The upcoming Robag Wruhme appearance at Cluster Studios is something special in more ways than one. Wruhme was part of the lauded Wighnomy Brothers before immersing himself in his solo career, and the Brothers' wide-spanning sets were the talk of DEMF (Detroit Electronic Music Festival) every year they played.
Mother Earth Sound System -- best known for throwing full-moon outdoor parties during the summer, plus a spring equinox and Day of the Dead bash -- leaped at the chance to throw a just-because event, just because Wruhme was available and willing to play his first-ever Colorado set. "I guess, without going into hyperbole," notes event co-organizer and Mother Earth collective member Scott Everett, "he's pretty legendary in the minimal-techno world."
Everett and John Templeton (of Emote Music) will open for Wruhme. "It's really all about Robag," Everett points out. "He's going to play at least a three-hour set -- we're hoping for a four-hour set. And I would say that is noteworthy, inasmuch as the trend has become to pack in as many DJs in as they can, and it turns into a "greatest hits" parade. It's kind of a lost art to let a DJ play as long as they want, build up a mood and just go with it. We try to do that when people are in town.
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"I'm waiting to hear back from his agent to see if he wants to play longer than that," Everett adds. "If he does, there might not be any opening DJs. But people can definitely count on at least a three-hour set, possibly four."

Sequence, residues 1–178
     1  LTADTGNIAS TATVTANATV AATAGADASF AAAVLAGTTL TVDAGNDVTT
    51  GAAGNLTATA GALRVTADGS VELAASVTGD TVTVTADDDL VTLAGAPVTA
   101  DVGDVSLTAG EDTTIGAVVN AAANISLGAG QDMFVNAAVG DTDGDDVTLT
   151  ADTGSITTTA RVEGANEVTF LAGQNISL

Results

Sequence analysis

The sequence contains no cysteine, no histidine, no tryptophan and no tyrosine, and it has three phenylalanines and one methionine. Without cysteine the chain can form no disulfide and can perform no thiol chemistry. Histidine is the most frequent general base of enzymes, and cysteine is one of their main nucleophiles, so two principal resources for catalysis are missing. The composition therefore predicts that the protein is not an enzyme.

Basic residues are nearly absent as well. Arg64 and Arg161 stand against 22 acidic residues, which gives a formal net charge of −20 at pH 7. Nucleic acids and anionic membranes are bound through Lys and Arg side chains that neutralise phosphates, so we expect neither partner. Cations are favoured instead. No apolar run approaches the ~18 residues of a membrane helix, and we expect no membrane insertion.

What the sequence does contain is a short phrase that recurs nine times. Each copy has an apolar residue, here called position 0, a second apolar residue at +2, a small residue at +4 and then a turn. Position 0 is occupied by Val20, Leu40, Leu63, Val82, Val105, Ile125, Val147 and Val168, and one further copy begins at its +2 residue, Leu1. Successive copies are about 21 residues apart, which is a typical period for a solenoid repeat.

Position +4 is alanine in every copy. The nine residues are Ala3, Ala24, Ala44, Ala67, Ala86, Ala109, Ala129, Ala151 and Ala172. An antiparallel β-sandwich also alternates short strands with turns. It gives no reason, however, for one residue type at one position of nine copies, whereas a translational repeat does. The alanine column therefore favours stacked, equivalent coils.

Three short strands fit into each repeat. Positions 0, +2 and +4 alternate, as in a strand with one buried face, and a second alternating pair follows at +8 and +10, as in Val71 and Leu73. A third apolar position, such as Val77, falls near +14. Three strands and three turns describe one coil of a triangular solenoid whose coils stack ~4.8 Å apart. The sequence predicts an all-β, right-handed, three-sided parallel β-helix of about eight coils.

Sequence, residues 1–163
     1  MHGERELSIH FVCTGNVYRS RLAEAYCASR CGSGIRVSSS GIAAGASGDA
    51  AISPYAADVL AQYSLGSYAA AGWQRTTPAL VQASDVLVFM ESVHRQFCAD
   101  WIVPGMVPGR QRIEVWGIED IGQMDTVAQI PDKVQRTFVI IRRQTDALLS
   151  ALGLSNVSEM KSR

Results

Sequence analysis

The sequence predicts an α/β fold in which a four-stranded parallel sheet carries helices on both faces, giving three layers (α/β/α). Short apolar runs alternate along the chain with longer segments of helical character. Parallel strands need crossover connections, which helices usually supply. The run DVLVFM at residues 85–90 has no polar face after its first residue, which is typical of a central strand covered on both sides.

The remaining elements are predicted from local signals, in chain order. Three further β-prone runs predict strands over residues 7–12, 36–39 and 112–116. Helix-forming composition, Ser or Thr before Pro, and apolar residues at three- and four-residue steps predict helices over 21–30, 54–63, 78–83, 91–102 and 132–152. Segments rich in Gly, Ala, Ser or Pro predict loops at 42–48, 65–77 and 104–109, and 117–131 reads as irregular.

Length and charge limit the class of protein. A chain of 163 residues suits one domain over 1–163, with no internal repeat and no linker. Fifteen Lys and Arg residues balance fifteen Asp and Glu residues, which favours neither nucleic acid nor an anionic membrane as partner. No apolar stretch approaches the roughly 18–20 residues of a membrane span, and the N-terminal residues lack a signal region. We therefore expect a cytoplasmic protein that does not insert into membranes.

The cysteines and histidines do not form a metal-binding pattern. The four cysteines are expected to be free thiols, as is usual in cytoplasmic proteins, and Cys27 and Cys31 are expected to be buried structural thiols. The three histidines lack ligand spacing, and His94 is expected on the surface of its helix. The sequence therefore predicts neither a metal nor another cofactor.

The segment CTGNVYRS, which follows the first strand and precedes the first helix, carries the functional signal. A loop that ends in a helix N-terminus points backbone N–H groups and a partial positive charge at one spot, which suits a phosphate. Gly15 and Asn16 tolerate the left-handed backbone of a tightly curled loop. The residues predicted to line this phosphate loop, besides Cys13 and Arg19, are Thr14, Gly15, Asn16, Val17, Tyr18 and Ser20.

And that's a good thing, because Wruhme can and will wander all over the place. "Robag has a really diverse background, musically," Everett explains. "His production spans everything from really, really deep house with vocals, to funky house, to minimal techno, to electro -- it really runs the gamut, and his sets reflect that.
"They're very playful," he adds. "They're just fun. They're not for the chin-scratching, intellectual-style hipster crowds -- he definitely has a fun approach to it, and it's not serious. He'll bounce between genres, but what he does really well is have that flow together. It's not a mash-up, it's very well-programmed, and that's where the long set time comes into it. He has time to take something and run with it."
Mark your datebooks: Wruhme steps behind the decks at Cluster Studios (3881 North Steele Street) on Friday, May 20, for a 21-and-up event. Admission is $20, and the doors open at 10 p.m. Get more information at www.heartheearth.org.